Weekly Economic Update: December 16-20, 2013

Jan 06 2014

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Nonfarm productivity increased a revised 3.0% for the third quarter of 2013, up from the previous estimate of 1.9%. Industrial production increased 1.1% in November. The consumer price index remained unchanged for November, while core CPI increased 0.2%. Housing starts jumped a higher-than-expected 22.7% to an annualized level of 1.091 million units in November. Building permits declined 3.1% in November after a strong October, but the 1.007 million units pace is up 7.9% from a year ago. The FOMC announced its plans to cut back its accommodative policies in January 2014, with a $10 billion reduction split between Treasuries and mortgage-backed securities, and leave its policy rates unchanged. Existing home sales fell a sharp 4.3% in 4.90 million units annualized in November. Third quarter GDP growth was revised upwards to 4.1% from a previously reported 3.6%. Initial jobless claims rose 10,000 to 379,000 for the week ended 12/14.

• Nonfarm productivity increased a revised 3.0% for the third quarter of 2013, up from the previous estimate of 1.9%. Unit labor costs fell a revised 1.4% from a previously estimated decrease of 0.6%.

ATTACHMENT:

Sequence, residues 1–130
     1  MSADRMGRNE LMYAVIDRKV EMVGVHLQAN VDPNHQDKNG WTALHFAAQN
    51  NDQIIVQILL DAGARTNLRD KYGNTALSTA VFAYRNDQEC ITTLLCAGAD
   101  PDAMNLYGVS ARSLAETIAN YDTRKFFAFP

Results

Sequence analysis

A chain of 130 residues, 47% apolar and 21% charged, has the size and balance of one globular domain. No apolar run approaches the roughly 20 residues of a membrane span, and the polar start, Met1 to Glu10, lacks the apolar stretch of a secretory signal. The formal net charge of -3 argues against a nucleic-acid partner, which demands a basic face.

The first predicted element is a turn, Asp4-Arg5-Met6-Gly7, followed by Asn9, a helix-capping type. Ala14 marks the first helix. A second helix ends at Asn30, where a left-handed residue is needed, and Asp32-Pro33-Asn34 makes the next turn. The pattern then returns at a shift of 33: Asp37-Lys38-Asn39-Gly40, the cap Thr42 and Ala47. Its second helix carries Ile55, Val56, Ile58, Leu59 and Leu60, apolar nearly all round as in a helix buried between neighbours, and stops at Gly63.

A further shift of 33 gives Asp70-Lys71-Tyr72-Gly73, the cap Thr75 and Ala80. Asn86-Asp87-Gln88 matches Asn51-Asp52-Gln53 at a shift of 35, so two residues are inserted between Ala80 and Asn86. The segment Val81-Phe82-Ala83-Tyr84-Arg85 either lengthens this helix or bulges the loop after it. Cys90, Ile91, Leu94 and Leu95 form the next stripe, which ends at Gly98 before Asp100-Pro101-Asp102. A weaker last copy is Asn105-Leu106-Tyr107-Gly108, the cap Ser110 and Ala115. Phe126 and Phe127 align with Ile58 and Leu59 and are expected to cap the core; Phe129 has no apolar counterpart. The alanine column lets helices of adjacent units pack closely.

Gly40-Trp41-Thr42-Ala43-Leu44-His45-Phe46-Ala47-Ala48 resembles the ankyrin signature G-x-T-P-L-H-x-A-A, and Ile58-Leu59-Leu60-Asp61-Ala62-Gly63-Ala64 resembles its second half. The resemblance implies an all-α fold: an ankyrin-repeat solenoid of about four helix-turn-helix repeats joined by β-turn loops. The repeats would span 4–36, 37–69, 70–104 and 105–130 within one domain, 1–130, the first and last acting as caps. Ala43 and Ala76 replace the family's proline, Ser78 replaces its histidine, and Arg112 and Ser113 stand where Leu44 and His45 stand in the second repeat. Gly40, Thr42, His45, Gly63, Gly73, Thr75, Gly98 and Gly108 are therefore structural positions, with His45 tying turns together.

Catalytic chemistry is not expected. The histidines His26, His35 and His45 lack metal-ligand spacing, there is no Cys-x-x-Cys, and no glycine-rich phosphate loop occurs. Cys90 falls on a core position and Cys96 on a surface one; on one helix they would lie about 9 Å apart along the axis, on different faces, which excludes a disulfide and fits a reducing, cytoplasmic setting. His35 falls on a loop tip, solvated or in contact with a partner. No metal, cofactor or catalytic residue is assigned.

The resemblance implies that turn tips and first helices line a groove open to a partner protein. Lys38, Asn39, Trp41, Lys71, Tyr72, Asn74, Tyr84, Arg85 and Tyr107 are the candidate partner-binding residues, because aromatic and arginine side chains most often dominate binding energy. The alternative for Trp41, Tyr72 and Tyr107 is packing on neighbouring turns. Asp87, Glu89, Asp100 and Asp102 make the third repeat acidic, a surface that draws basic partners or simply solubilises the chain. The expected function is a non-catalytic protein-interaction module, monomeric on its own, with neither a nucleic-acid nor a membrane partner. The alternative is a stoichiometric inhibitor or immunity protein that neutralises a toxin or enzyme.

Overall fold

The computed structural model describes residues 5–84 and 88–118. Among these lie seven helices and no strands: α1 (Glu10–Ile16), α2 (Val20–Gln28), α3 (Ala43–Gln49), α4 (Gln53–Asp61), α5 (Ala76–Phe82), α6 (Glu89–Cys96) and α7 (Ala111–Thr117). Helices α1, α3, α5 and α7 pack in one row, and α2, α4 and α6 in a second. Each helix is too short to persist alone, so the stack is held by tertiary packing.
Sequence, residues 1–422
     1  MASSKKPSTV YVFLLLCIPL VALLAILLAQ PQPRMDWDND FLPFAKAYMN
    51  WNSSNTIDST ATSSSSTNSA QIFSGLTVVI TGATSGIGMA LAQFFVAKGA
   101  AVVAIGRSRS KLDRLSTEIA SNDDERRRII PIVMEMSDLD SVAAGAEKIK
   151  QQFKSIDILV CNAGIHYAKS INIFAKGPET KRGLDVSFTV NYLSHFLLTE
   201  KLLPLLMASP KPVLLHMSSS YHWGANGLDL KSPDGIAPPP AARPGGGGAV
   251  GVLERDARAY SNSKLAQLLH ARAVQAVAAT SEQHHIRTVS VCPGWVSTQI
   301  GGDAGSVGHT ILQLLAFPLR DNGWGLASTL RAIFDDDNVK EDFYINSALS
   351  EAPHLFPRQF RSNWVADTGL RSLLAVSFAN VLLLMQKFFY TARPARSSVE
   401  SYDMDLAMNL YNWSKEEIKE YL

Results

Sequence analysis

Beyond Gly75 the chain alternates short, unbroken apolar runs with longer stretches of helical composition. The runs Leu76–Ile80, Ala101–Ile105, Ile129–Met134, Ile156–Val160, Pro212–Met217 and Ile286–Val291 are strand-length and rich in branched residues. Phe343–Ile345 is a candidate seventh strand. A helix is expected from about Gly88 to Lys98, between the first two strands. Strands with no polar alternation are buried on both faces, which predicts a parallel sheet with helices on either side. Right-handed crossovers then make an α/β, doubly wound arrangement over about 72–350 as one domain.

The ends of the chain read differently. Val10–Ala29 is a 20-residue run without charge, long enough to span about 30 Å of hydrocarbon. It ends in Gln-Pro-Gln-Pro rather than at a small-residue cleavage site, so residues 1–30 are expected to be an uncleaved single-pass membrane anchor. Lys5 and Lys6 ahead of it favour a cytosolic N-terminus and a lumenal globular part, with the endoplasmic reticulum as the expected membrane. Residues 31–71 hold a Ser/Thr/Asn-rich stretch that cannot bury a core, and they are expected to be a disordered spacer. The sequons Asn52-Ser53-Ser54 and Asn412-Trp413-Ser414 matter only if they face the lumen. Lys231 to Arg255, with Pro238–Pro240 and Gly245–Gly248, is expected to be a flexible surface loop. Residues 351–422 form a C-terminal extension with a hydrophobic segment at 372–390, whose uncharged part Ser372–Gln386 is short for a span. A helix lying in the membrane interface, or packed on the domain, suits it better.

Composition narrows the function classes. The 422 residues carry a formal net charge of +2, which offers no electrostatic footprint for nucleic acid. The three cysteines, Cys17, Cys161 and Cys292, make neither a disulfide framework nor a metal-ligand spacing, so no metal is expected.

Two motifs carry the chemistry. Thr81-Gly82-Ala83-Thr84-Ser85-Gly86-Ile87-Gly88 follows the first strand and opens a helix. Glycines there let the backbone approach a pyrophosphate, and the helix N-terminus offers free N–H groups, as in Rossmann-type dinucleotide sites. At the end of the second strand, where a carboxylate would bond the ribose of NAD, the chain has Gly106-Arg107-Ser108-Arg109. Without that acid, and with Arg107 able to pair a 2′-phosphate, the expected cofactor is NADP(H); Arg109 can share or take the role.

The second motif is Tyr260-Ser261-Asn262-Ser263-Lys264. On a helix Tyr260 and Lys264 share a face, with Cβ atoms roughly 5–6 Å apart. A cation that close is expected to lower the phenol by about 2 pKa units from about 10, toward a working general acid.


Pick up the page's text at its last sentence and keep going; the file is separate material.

• Industrial production increased 1.1% in November. Manufacturing was up 0.6%.

• The consumer price index remained unchanged for November, while core CPI increased 0.2%.

• Housing starts jumped a higher-than-expected 22.7% to an annualized level of 1.091 million units in November.

• Building permits declined 3.1% in November after a strong October, but the 1.007 million units pace is up 7.9% from a year ago.

• The FOMC announced its plans to cut back its accommodative policies in January 2014, a $10 billion reduction split between Treasuries and mortgage-backed securities, and leave its policy rates unchanged. Future reductions in QE purchases will still be data dependent, and beyond the point at which the unemployment rate falls below 6.5%, it is expected that the fed funds rate will likely be low sometime after QE ends. The vote for the statement was 9 to 1 with Boston Fed’s Eric Rosengren dissenting.

• Existing home sales fell a sharp 4.3% to 4.90 million units annualized in November. For the first time in nearly 2½ years, the year-on-year rate is in contraction, down 1.2%. The median home price is down 0.6% to $196,300 following a 0.5% drop last month, but is still up a solid 9.4% from a year ago.

• Third quarter GDP growth was revised upwards to 4.1%, from a previously reported 3.6%. The revision was primarily the result of higher personal consumption expenditures, a boost in the estimate for intellectual property, slightly higher exports, and lower imports than previously reported.

• Initial jobless claims rose 10,000 to 379,000 for the week ended December 14th.

 

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